Too often we are rushed because frenzy in which we (most of us) function every day gets an upper hand. Conversely, sometimes speedy-banter, quick decisions and hitting send before we have time to think is like a Malcolm Gladwell interpretation of doing things in a blink (or even faster) because our mind said we should, and so we did, we do and …
Flurry/scurry, work days, word plays, social malaise.
Sleep cures most things.
Not sleeping well produces interesting consequences too …
Our non-conscious super-computer brain operates 24/365 processes confusion to cogency, clears debris, leaving clearer vision of what is to be, or what is not to be.
Tried, or not tried.
Rush … slow, settling frenetic pace compounded by instantaneous communications (too often misconstrued), gargantuan (I was looking for a bigger word) volumes of information just a moment/keystroke away … we so swiftly ask, answer, act/react.
We sort panic from panic-stricken, calm from the storm so we can at least have two bits of calm, as bookends to that storm …
Only twenty-four hours each day, but life seems to shoehorn more in. We (me anyway) seem to try to force them in. As if that was possible.
New people, new projects – zeal and earnestness racing alongside plodding older ones. Not because plodding is called for, but thoughtful deliberation is.
Non rushed, important things, need time to percolate – like great coffee.
If it doesn’t: “Everything will be alright in the end, so if it is not alright, it is not the end” – Sunny Patel, The Best Marigold Hotel.
Or maybe, it is a beginning …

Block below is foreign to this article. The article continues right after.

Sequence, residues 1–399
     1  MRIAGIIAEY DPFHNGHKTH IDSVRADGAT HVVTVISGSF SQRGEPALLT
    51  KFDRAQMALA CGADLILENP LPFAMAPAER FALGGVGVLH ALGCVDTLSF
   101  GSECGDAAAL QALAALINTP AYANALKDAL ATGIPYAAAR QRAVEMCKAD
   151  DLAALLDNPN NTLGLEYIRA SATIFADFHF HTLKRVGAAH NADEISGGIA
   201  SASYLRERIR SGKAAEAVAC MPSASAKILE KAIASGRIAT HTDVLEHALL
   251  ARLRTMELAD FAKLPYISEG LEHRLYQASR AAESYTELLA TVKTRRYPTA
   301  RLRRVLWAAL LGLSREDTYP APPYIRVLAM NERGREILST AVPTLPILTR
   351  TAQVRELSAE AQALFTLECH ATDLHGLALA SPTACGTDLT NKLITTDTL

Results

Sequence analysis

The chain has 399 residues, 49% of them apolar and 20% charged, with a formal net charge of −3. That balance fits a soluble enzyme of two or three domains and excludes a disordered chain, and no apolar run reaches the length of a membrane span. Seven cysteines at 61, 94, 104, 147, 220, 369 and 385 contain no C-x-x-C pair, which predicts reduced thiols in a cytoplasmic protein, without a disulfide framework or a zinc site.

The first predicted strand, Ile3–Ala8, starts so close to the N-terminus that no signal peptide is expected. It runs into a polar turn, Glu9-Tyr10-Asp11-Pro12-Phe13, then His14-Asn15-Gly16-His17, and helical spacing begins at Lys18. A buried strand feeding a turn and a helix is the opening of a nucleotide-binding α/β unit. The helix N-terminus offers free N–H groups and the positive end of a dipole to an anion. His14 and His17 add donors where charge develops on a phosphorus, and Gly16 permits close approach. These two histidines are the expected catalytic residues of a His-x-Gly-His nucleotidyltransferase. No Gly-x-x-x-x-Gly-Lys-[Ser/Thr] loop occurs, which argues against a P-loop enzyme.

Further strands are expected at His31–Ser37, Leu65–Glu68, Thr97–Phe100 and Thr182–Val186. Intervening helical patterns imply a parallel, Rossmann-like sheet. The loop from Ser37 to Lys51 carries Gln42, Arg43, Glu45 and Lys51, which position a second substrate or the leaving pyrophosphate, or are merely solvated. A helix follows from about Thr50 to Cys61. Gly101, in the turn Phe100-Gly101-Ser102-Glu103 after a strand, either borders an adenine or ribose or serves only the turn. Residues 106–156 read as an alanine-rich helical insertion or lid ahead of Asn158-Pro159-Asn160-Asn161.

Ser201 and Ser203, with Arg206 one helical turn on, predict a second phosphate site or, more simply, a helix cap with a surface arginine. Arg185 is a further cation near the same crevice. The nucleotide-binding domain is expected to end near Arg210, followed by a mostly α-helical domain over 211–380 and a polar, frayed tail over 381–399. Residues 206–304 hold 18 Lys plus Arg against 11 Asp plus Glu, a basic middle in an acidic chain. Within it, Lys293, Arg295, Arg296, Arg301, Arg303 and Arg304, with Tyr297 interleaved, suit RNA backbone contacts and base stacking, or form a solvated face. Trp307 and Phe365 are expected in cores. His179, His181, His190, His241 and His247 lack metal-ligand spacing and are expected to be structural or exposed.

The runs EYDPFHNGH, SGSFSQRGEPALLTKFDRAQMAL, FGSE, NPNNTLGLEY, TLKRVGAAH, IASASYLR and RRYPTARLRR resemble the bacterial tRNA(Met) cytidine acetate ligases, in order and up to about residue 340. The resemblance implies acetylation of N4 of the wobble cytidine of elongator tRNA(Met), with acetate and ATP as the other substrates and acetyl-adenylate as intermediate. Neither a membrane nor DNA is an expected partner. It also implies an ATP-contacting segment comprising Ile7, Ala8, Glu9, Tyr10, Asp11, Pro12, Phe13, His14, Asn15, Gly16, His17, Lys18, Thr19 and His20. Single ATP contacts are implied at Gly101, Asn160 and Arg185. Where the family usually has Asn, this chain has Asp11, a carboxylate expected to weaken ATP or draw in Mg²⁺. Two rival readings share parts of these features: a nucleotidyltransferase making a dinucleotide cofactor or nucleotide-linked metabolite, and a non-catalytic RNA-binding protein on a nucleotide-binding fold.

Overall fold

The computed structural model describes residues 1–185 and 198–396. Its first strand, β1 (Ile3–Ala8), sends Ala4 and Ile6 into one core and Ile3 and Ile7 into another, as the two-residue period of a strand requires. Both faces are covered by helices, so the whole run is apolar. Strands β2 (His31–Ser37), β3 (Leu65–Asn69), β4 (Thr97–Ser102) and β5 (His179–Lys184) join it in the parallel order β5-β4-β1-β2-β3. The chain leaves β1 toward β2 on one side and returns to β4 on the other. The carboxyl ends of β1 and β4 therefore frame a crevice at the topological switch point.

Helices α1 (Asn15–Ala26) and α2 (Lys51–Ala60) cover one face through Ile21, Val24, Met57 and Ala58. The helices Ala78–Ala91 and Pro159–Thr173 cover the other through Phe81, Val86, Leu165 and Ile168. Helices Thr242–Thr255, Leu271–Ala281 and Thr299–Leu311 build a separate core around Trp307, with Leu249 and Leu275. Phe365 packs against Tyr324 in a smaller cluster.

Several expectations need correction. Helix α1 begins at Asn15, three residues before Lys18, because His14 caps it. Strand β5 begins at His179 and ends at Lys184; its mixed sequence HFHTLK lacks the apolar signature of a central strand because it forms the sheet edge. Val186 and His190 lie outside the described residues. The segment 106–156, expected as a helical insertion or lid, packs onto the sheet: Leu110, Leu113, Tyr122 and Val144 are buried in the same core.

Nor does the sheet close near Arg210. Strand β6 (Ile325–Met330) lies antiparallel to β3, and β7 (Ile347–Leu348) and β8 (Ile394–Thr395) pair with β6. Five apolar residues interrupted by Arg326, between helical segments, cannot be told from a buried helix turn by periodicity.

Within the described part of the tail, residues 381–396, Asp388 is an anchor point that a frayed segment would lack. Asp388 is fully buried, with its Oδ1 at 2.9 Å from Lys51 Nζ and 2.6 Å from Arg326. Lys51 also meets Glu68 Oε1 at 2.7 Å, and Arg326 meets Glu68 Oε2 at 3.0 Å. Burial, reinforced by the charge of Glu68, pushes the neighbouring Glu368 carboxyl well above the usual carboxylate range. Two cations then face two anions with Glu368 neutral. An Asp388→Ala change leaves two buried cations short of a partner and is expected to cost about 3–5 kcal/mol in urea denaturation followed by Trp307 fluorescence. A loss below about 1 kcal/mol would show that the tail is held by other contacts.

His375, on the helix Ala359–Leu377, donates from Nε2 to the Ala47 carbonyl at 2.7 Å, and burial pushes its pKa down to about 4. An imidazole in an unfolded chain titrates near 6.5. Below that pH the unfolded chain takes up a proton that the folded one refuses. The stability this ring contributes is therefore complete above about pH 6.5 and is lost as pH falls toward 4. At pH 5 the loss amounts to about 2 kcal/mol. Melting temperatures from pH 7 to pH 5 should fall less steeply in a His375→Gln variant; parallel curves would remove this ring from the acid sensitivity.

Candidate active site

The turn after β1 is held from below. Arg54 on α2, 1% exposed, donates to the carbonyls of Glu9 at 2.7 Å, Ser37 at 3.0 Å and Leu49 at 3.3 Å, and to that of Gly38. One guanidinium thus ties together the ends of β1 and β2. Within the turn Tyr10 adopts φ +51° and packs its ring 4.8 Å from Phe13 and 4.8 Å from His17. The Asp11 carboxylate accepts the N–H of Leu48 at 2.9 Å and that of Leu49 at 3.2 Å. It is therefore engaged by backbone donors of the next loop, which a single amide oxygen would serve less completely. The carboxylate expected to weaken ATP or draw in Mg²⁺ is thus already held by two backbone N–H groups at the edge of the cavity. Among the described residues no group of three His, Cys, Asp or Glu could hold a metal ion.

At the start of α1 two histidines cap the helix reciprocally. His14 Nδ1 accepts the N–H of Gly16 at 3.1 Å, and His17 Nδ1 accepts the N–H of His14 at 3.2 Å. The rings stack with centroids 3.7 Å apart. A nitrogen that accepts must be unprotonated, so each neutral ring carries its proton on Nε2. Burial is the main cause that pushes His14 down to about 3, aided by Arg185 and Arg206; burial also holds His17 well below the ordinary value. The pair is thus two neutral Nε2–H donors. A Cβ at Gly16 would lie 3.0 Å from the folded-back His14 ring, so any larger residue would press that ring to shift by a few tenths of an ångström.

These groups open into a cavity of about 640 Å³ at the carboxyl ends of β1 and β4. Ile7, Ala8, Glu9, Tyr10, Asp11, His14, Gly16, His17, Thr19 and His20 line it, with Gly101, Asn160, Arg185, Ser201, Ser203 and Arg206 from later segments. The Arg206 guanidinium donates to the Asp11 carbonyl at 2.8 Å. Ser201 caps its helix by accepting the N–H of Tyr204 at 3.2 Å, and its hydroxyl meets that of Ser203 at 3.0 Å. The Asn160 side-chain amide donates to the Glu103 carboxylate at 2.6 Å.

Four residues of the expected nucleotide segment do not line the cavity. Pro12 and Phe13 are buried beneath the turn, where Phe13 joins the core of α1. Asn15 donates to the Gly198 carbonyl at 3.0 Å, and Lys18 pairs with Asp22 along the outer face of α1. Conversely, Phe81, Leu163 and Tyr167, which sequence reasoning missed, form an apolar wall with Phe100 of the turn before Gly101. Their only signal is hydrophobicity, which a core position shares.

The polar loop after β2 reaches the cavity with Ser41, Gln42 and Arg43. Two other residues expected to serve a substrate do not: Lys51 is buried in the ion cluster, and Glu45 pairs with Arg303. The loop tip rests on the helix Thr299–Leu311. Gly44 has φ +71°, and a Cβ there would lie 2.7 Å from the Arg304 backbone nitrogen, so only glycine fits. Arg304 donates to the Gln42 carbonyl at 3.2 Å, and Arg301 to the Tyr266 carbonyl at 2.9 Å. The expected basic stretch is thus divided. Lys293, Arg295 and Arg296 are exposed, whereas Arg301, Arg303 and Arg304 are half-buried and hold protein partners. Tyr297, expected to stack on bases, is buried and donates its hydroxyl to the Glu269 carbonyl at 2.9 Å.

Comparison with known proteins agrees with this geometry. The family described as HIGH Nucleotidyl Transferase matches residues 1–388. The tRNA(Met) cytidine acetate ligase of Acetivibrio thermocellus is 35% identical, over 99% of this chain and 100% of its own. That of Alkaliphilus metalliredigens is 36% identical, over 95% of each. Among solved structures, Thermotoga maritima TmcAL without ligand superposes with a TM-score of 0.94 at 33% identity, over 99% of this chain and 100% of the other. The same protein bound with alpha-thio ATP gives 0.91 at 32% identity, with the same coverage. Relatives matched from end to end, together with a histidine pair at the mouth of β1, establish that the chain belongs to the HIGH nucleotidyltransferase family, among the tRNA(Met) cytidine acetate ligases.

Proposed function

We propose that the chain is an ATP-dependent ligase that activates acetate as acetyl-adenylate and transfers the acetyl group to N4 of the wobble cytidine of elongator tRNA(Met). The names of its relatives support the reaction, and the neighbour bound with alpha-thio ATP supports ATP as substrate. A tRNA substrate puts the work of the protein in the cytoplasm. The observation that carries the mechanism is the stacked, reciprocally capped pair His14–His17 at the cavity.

Time for some great coffee.
column written/ published from Calgary, AB
morning walk: -1C/31F, fresh and clear (which means a frost-delay at the golf course), Gusta keeps going after a piece of bird debris – and though I kick it over into the bushes each morning it seems to be on our path again each morning – and creaky knee needs a Tylenol
Good Morning Mark – Powerful thoughts today; another great muse. Enjoy Earth Day. MK, Calgary, AB
Hello, Mark. A friend sent me your 'musings' column, and it was interesting. As I have no children still alive, I probably do not have as much invested in the future survival of the human species as others do. This is a thought that has occasionally passed through my consciousness, and I arrived at the following conclusion - the human race will NOT survive in the form it is now. As a species, I feel that we are incapable of the necessary changes that would be necessary to have a significant effect on the long-term outcome. Perhaps 'incapable' is not exactly right, but that is what our inertia amounts to. Another thought is that Nature automatically corrects for any excess, or instability, or imbalance, in decisive ways. So the sheer numbers of humanity are working against their long-term survival. We have managed so far only because we have had no regard for the survival of future generations, only with our own survival/comfort/convenience. Thanks for exercising the brain, RB, ?
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